Our close-knit cancer family met on 31 May, 2020 to partake in Krishna Mistry’s cancer journey. Krishna wrestled with cancer as a twelve year old and is now a warrior who tells her tale so that others may draw courage from it. Over 29 participants from across the country logged in for this virtual session of Onco.com’s cancer support group Talk Your heart Out.
Let me tell you a story
Storytelling is one of the oldest traditions of humankind. From the painting in the Chauvet cave, we know that even 30,000 years ago humans enjoyed narrating their experiences to others. That communal emotion has not changed with time. We still love to recount our adventures and ordeals to others, just as we also love to listen to their own stories. This mutual sharing brings us closer, giving us a feeling of safety and warmth. It is a way of assuring each other that we are together in this journey of life with all its ups and downs.
Understanding this well, Krishna Mistry chose to talk about her cancer using the camouflage of a story. She wove a spell-binding story of how a little girl got rid of a ‘clingy friend’ who followed her around, making her sick and anxious. The audience listened with rapt attention as they followed the little girl’s trail from the age of 12 to adulthood when she was finally able to get rid of this clingy friend.
Towards the end of her narrative, it was revealed that the little girl was none other than Krishna herself and this clingy friend was none other than her troublesome and stubborn cancer. She chose to cast her cancer in the role of a friend because it was a part of her childhood days, and she wanted to give it a supporting role for helping her grow and mature into a young lady.
The tale of a tumour
Krishna has suffered from brain tumour in her childhood and had undergone rigorous treatment for this. Identifying the cancer in the early stages helped ensure that the treatment was successful. The only symptom she had was a headache, but not ignoring this symptom and seeking timely medical care saved Krishna’s life.
Although she has suffered much due to it, she also admits that cancer made it possible for her to learn the most valuable lessons of her life. For one, she has grown up to be a strong individual who can face any adversity that life throws at her. She has also understood the value of her family. If it were not for them, she is certain that she would not have made it through.
Krishna’s parents stood by her through every part of the treatment and through every side-effect that resulted from it. Her bond with her parents and her two siblings has withstood all the storms that childhood cancer brought into their lives. And together they have triumphed over every tide and every broken dream.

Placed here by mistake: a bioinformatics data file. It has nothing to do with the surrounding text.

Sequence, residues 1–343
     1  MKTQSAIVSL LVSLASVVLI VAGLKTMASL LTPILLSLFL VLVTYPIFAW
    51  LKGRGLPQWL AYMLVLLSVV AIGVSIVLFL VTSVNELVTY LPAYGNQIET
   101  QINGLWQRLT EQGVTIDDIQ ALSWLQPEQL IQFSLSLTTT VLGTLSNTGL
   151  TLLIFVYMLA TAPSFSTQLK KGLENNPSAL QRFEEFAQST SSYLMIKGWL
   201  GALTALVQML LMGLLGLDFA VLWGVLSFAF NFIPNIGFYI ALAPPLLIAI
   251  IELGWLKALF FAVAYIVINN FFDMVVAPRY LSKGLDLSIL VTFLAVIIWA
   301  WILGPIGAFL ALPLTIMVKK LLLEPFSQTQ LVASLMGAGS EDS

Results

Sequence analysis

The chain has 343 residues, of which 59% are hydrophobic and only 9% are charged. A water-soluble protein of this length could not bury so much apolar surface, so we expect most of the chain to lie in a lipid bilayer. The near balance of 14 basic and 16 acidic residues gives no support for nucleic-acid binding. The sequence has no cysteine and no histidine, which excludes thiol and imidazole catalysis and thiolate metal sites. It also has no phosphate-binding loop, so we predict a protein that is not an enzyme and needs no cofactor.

Family to the rescue
Krishna’s parents then joined the session to add to her story. As Krishna’s immunity was compromised due to cancer, her mother retold how she oversaw everything Krishna ate to ensure she would not suffer from any infections. She recalls how no raw foods were allowed and even eating from a sleeve of biscuits that were left open and unattended for a few minutes was prohibited.
Krishna’s siblings also joined the session to show their support for her as she shared her story with a group of people she had never met before. She also answered questions from the participants who were curious to know more about how she coped with her diagnosis and what sort of diet she followed post-cancer.
Krishna’s family confirmed that they strictly adhered to the protocols set for her by the doctors and timely food and sufficient rest was a strict part of Krishna’s routine. Some of the participants voiced their admiration for Krishna’s mother’s perseverance in caring for her. Every meal, every activity was chosen by her mother with utmost care, to ensure that the Krishna remained healthy.
United by cancer
Tips and anecdotes were exchanged, with each participant wanting to add to the atmosphere of positive support that our moderator Harish has built through that session. One of our participants eloquently appreciated Krishna’s courage as a child, and now as an adult dealing with the social aftermath of cancer.
Krishna’s family is from Nairobi and they wished that this support group would reach out to Africa soon. They felt there were many who would benefit from belonging to such a community. The reassurance and comfort that this support group provides to all its participants is evident. We eagerly await the next session, when we can exchange stories once again. Until then we shall retain Krishna’s narrative on our minds, to strengthen us during our weak moments, and to give us the hope we need to carry on.